Readers’ wildlife videos

Nature videographer and regular Tara Tanaka (Vimeo page here, flickr page here) has a new video, one that features some of my favorite waterfowl. I think it’s one of the best videos she’s done to date, so be sure to watch. Tara’s Vimeo notes are indented.  I’ll be speaking in Tallahassee next month and have been invited to visit Tara’s home and see her famous blind. Perhaps I’ll see my first wood duck in the wild!

The Great Backyard Bird Count, an annual, worldwide event, took place on February 14-17 this year, and over a quarter million lists have been submitted to eBird.org so far. The second day was a spectacular winter day in Florida, and I spent the first two and the last three hours of daylight in my photo blind, which is currently located in our backyard cypress swamp that we manage as a wildlife sanctuary. This video represents the highlights of five hours of viewing condensed into five minutes. Enjoy!

27 Comments

  1. Posted February 20, 2020 at 8:06 am | Permalink

    Reblogged this on ram H singhal note book.

  2. boudiccadylis
    Posted February 20, 2020 at 8:37 am | Permalink

    We have all sorts of wood ducks here in central Michigan. Going all the way to Florida just to see a wood duck seems a bit extreme. However, as you have other commitments makes it more reasonable. A few years ago as I was driving through a village mama wood duck was leading her brood across the street. Of course all traffic was mesmerized.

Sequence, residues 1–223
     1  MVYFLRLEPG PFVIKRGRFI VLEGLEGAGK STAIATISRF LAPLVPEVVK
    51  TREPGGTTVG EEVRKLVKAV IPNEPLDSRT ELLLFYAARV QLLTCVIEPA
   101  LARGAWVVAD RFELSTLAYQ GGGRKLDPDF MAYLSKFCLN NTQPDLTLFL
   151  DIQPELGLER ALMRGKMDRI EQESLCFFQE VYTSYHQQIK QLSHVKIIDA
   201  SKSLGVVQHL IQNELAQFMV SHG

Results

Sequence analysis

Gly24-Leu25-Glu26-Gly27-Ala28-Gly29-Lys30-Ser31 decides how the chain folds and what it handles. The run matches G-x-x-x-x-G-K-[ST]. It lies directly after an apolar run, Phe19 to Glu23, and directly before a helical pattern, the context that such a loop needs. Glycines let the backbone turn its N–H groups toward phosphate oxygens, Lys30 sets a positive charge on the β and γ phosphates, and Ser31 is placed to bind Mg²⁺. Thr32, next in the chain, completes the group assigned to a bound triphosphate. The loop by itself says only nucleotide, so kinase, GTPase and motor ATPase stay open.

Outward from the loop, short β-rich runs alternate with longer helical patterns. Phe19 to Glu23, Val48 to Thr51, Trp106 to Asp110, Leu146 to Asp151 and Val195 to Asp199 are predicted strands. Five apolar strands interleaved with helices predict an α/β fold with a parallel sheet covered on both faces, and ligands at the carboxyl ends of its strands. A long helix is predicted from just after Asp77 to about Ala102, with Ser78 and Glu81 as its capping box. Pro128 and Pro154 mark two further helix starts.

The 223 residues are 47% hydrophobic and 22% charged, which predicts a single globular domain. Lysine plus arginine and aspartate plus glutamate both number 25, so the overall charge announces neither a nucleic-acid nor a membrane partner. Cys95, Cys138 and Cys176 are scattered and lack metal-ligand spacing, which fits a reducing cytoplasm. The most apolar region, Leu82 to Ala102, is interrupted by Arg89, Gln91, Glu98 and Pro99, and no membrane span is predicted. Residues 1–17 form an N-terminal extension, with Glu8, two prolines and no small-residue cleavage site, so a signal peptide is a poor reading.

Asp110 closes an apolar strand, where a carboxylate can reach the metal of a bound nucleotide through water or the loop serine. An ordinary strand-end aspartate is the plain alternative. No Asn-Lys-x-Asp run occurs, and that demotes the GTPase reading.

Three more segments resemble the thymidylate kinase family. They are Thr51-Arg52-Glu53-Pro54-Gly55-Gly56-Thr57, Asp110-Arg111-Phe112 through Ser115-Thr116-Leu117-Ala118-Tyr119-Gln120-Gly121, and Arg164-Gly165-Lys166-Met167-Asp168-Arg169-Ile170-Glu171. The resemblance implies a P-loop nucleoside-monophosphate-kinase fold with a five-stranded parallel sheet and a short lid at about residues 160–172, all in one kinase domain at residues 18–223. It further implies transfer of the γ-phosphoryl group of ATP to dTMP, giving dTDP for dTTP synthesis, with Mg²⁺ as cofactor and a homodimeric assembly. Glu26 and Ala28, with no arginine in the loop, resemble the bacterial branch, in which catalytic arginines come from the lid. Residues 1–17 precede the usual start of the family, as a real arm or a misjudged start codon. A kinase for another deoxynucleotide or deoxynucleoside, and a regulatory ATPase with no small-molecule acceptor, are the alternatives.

3. Posted February 20, 2020 at 10:05 am | Permalink

    All of Taras’ videos are superb. They are always a visual feast.

    • Glenda Palmer
      Posted February 20, 2020 at 11:28 am | Permalink

      +1

  4. merilee
    Posted February 20, 2020 at 10:20 am | Permalink

    🐾🐾

  5. rickflick
    Posted February 20, 2020 at 12:55 pm | Permalink

    I see the egret wiggles it’s head before the strike. I guess it would serve to disguise itself as grass in the wind.

  6. Posted February 20, 2020 at 3:03 pm | Permalink

    Thanks everyone for your nice comments! American Bitterns REALLY wave their necks, and I’ll try to put together a Bittern video soon.
    Tara

    • Posted February 20, 2020 at 3:48 pm | Permalink

      That neck-waving is fascinating. I had seen it in other herons, but always assumed it was trying to avoid predators by moving with the foliage. Now I see that they are actually trying to fool their prey. Those were great sequences. I don’t recall seeing such good neck-waving video ever before.

  7. Mark R.
    Posted February 20, 2020 at 3:09 pm | Permalink

    Beautiful and peaceful. Thanks. I laughed when the drake missed the branch. I’m not a good person. 😊

    • Posted February 20, 2020 at 3:37 pm | Permalink

      Everyone laughed. Only his pride was injured :-).

      • rickflick
        Posted February 20, 2020 at 3:58 pm | Permalink

        It’s interesting that the wood duck is the only duck (that I know of) that typically lands (and nests) in trees at all. There feet may be somewhat modified for this purpose. They otherwise must swim effectively in the manner of the rest of their type. It’s easy to understand why this fellow was not the best at it.